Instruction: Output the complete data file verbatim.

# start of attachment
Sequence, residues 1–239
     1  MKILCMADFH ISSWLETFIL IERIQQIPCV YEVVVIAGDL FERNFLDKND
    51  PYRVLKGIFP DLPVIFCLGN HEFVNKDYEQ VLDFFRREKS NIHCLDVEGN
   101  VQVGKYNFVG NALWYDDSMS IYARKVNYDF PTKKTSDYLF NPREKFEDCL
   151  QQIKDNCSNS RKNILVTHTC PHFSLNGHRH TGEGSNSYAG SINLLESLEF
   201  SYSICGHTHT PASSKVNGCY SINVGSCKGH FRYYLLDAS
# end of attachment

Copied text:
Sequence, residues 1–239
     1  MKILCMADFH ISSWLETFIL IERIQQIPCV YEVVVIAGDL FERNFLDKND
    51  PYRVLKGIFP DLPVIFCLGN HEFVNKDYEQ VLDFFRREKS NIHCLDVEGN
   101  VQVGKYNFVG NALWYDDSMS IYARKVNYDF PTKKTSDYLF NPREKFEDCL
   151  QQIKDNCSNS RKNILVTHTC PHFSLNGHRH TGEGSNSYAG SINLLESLEF
   201  SYSICGHTHT PASSKVNGCY SINVGSCKGH FRYYLLDAS